Getting cut from a sports team can be a crushing experience. When junior Sterling Payne and sophomores Malcolm Wilber, Connor Cleveland and Jason Christopherson were dropped from the men’s cross-country team’s roster earlier this month, their natural inclination could have been to sit on the couch and pout about their rotten luck.
But that’s not how these guys roll.
They created the Social Runners Project, an informal group intended to give runners outside the varsity program a chance to train and compete in local races together. The project is currently made up of four definite members, but a few dozen more students have indicated interest through Facebook and word-of-mouth.
I talked with Payne about the project on Sept. 15. He said the group was first conceived as a joke once the runners were cut from the varsity squad at the end of preseason training.
“We weren’t really serious when we were talking,” Payne said. “We were just like ‘We should make something of our own called like the ‘Social Runners Project,’ and then we were like, ‘Oh, wait, we can actually do this.’”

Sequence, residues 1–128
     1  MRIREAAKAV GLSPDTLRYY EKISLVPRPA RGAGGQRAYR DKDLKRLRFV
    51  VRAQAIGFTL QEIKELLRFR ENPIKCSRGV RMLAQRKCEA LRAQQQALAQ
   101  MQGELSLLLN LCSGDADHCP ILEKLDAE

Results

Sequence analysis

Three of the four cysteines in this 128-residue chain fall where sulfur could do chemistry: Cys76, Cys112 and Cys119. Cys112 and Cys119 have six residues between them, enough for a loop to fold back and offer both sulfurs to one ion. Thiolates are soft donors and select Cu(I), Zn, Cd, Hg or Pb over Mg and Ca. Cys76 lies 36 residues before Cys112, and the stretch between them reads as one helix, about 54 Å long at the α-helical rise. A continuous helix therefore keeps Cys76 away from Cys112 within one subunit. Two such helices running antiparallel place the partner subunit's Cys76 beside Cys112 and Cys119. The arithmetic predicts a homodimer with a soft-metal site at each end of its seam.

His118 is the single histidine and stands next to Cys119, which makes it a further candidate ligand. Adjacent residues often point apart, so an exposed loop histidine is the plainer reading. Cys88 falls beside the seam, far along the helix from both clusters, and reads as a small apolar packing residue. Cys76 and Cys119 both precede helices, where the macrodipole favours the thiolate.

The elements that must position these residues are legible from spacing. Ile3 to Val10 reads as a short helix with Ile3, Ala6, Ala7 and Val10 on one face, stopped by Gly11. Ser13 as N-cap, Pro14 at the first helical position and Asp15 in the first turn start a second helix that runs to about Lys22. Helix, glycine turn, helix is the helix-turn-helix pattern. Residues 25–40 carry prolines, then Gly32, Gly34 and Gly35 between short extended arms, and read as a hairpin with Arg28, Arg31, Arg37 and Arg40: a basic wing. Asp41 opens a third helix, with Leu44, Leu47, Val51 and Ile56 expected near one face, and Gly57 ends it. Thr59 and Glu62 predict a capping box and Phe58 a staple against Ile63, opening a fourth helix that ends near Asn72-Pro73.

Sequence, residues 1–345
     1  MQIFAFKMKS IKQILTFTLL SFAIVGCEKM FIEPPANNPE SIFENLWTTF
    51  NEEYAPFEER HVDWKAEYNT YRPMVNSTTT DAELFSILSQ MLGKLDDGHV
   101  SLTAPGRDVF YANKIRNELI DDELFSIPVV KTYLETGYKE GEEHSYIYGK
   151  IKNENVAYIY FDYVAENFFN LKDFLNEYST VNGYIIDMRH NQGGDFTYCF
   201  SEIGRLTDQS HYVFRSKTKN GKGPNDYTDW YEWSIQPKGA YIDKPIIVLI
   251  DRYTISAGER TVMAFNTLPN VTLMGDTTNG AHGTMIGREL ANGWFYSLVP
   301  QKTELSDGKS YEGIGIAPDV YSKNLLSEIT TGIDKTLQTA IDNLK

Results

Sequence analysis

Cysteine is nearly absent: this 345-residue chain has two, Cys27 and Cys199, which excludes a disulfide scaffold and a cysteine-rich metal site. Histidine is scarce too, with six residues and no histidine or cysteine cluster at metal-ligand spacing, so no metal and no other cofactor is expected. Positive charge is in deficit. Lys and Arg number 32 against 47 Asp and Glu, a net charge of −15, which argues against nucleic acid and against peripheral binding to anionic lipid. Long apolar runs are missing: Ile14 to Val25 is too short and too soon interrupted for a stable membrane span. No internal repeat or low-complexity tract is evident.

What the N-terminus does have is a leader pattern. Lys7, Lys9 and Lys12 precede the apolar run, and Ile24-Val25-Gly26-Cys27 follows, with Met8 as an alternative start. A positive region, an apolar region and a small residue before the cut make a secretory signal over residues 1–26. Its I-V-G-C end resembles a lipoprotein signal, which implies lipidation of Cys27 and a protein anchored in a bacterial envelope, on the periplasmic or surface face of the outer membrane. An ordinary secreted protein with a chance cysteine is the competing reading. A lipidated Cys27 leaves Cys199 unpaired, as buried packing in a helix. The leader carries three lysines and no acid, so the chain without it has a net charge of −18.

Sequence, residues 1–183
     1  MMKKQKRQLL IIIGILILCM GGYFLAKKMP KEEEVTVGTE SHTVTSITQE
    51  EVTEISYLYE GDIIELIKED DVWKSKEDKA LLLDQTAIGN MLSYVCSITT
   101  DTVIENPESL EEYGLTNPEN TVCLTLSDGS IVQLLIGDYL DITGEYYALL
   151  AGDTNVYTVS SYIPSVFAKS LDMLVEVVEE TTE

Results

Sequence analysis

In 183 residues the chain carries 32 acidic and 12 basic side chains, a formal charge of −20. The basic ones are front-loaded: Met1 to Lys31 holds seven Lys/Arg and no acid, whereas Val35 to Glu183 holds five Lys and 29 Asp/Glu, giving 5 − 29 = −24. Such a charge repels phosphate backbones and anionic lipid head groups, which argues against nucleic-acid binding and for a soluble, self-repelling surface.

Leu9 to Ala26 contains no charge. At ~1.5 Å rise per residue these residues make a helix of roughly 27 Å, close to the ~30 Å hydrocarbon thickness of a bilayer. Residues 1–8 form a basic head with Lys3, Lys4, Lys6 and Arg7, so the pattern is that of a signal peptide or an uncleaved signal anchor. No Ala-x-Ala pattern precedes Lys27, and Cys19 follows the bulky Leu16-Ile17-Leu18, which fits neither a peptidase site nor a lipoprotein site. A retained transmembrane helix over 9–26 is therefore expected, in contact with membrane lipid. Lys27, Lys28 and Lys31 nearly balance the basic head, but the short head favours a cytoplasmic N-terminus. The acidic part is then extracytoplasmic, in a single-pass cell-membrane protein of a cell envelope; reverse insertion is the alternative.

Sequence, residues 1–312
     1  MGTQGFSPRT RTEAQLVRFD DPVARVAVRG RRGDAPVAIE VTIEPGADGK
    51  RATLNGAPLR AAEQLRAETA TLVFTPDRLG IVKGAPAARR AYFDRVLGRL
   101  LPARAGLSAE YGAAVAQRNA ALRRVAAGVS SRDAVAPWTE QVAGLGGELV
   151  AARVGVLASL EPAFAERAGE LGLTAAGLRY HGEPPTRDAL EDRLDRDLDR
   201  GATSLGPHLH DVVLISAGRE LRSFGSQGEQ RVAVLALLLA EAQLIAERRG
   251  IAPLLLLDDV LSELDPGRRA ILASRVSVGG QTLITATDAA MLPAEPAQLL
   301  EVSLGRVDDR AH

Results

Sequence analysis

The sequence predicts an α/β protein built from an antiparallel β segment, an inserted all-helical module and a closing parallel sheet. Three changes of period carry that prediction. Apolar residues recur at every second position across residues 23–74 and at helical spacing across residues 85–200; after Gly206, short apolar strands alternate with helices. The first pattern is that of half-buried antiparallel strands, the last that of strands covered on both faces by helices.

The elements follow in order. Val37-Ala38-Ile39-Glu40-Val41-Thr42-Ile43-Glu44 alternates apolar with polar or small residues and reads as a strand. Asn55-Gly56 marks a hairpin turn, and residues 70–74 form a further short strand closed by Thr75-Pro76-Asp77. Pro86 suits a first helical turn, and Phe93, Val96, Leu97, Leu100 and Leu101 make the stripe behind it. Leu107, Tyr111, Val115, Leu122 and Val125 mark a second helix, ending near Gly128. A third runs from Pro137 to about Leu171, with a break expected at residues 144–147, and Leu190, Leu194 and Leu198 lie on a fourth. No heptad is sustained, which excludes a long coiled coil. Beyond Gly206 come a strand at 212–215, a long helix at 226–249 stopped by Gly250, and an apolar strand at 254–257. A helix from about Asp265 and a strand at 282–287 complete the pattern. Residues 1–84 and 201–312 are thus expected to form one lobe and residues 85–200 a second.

Payne and his fellow runners have been meeting every day at 4:30 p.m. in the Terrace Quad. From there, they set out on local trail runs around areas like the Cornell Plantations, Buttermilk Falls State Park and Stewart Park.
Payne emphasized that his co-founders have no sour grapes with the cross-country program. Sophomore Ben Grove, a member of the varsity team, said he and his teammates are excited about the project and the opportunities it presents.
“In previous years, people get cut from the team, and they’ll never run again,” Grove said. “This is the first group of guys that have taken this bad experience and turned it into something really positive.”
The Social Runners Project is also open to any students who are serious about running and gives them a chance to compete against other runners in the area. Payne said the group will compete as a team at races that range from five to 10 kilometers and are hosted by the Genessee Valley Harriers at locations across upstate New York.
While the project is still in its early stages, Payne said he hopes students will use the group as a way to stay active and motivate each other.
“I’d like to see a bunch of people not walking away from running just because they’re not part of an actual team, or because they don’t have people to run with,” he said. “No one should have to just train by themselves.”
Thanks to the Social Runners Project, Ithaca College runners no longer have to.